Think about it: In leagues where the worst teams get first dibs on free agents, you have a great chance at landing two of the best four players on waivers -- for no other reason than enduring a wretched Week 1 ... and knowing that most owners treat original draftees like their own children. Hence, they're hesitant to make wholesale changes, even with pedestrian receivers (sorry, Malcom Floyd).

Bottom line: History is chock-full of free-agent nobodies who became overnight fantasy sensations after a stellar Week 1 or 2, like Kurt Warner (1999), Willie Parker (2005), Tony Romo (2006), Ryan Grant (2007), Marques Colston (2007), Steve Slaton (2008) and Tim Hightower (2009). The lesson: Today's ham-and-egger is tomorrow's superstar. Go grab him. Just don't waste your first waiver claim on a kicker.

Here's a list of the 20 best available free agents for 12-team, standard-scoring leagues: 1. RB Brandon Jackson, Packers 2. WR Mark Clayton, Rams (a stunning 16 targets in Week 1) 3. QB Kyle Orton, Broncos 4. WR Brandon Lloyd, Broncos (the ultimate feast-or-famine fantasy wideout) 5. QB Michael Vick, Eagles (would be higher if this was a longer-term move) 6. WR Steve Breaston, Cardinals 7. WR Mike Thomas, Jaguars (could be better than Mike Sims-Walker) 8. RB Fred Taylor, Patriots (Maroney trade gives Freddy some wiggle room) 9. QB Josh Freeman, Buccaneers 10. WR Mike Williams, Seahawks 11. QB Derek Anderson, Cardinals 12. WR Legedu Naanee, Chargers 13. TE Todd Heap, Ravens 14. TE Jermaine Gresham, Bengals 15. D/ST Tennessee Titans 16. D/ST Kansas City Chiefs 17. RB Ben-Jarvus Green-Ellis, Patriots 18. TE Aaron Hernandez, Patriots 19. WR Dexter McCluster, Chiefs 20. RB Dimitri Nance, Packers (Green Bay's new No. 2 running back)

1. Adrian Peterson vs. Miami 2. LeSean McCoy @ Detroit 3. Jerome Harrison vs. Kansas City 4. Jamaal Charles @ Cleveland 5. Rashard Mendenhall @ Tennessee 6. Jonathan Stewart vs. Tampa Bay 7. Knowshon Moreno vs. Seattle 8. Darren McFadden vs. St. Louis 9. Michael Turner vs. Arizona 10. Cedric Benson vs. Baltimore 11. Maurice Jones-Drew @ San Diego 12. Arian Foster @ Washington (strange but true -- perhaps the shakiest pick among the dozen)

This is a reminder to everyone that I'll be hosting a two-hour chat on Facebook at 11 a.m. EST on Thursday -- just like last week ... and just like I'll do every week until mid-December. Just to clarify, I can still be bothered with lineup-related 4 a.m. Tweets during the week, as always. But for the Facebook chat, you're guaranteed to get an answer within five minutes of the question going public -- or your pizza's free! (Ooops, that's the tagline for my other job.)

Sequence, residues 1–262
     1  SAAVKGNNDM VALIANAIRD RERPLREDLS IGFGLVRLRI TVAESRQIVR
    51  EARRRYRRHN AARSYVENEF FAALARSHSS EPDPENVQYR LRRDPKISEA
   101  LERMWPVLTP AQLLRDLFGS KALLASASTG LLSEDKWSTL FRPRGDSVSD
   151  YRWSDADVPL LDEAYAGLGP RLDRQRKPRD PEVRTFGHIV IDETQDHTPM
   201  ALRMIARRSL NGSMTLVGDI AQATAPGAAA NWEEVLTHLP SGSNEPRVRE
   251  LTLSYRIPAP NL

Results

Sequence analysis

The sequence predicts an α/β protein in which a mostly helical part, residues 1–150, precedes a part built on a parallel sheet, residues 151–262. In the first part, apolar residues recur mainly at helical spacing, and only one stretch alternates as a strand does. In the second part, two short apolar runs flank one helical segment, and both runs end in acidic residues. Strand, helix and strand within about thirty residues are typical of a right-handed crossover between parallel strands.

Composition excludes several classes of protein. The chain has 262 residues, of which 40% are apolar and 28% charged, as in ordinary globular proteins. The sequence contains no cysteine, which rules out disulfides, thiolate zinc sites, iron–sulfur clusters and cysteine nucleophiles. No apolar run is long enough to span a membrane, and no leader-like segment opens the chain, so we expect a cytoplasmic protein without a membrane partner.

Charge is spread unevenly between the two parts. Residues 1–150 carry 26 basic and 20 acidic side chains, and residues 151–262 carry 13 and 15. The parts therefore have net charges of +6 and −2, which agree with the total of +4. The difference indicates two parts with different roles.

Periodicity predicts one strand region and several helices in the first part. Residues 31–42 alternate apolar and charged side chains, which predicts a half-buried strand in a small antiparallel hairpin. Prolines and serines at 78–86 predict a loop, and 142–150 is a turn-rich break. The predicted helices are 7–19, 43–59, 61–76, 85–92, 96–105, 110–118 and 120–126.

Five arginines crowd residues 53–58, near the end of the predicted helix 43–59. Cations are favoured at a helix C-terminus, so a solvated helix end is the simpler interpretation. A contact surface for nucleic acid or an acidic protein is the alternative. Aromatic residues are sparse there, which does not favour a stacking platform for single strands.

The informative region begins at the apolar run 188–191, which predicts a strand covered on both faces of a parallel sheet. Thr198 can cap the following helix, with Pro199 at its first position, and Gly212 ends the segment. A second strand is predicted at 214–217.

Thanks to Arian Foster's celebrated breakout and Brandon Jackson's likely stronghold on the Packers' No. 1 slot, there are currently 17 legitimate running back time-shares, all of which could impact your championship chances: 1. DeAngelo Williams/Jonathan Stewart, Panthers 2. Jamaal Charles/Thomas Jones, Chiefs 3. Ronnie Brown/Ricky Williams, Dolphins 4. Ahmad Bradshaw/Brandon Jacobs, Giants 5. Marion Barber/Felix Jones/Tashard Choice, Cowboys 6. Joseph Addai/Donald Brown, Colts 7. Pierre Thomas/Reggie Bush, Saints 8. Shonn Greene/LaDainian Tomlinson, Jets 9. Darren McFadden/Michael Bush/Michael Bennett, Raiders 10. LeSean McCoy/Mike Bell, Eagles 11. Matt Forte/Chester Taylor, Bears 12. Knowshon Moreno/Laurence Maroney/Correll Buckhalter, Broncos 13. C.J. Spiller/Fred Jackson/Marshawn Lynch, Bills 14. Jerome Harrison/Peyton Hillis, Browns 15. Justin Forsett/Leon Washington/Julius Jones, Seahawks 16. Fred Taylor/Ben-Jarvus Green-Ellis/Sammy Morris/Kevin Faulk, Patriots 17. Jahvid Best/Maurice Morris/Kevin Smith, Lions

A receiver is only as good as his quarterback and the number of opportunities he gets to make a catch; and these "Targets" should factor heavily with owners when choosing to snag (or drop) a talent -- especially PPR leagues. It goes without saying, owners must bookmark this link and refer to it every week.

Here are the receivers who garnered at least nine targets in Week 1: 1. Roddy White, Falcons -- 23 targets 2. Mark Clayton, Rams -- 16 3. Larry Fitzgerald, Cardinals -- 15 4. Brandon Marshall, Dolphins -- 13 5. Chad Ochocinco, Bengals -- 13 6. Terrell Owens, Bengals -- 13 7. Dez Bryant, Cowboys -- 12 8. Austin Collie, Colts -- 12 9. Malcom Floyd, Chargers -- 12 10. Miles Austin, Cowboys -- 11 11. DeSean Jackson, Eagles -- 11 12. Wes Welker, Patriots -- 11 13. Devin Aromashodu, Bears -- 10 14. Anquan Boldin, Ravens -- 10 15. Pierre Garcon, Colts -- 10 16. Greg Jennings, Packers -- 10 17. Calvin Johnson, Lions -- 10 18. Eddie Royal, Broncos -- 10 19. Reggie Wayne, Colts -- 10 20. Danny Amendola, Rams -- 9 21. Santana Moss, Redskins -- 9 22. Laurent Robinson, Rams -- 9 23. Steve Smith, Panthers -- 9 24. Mike Williams, Buccaneers -- 9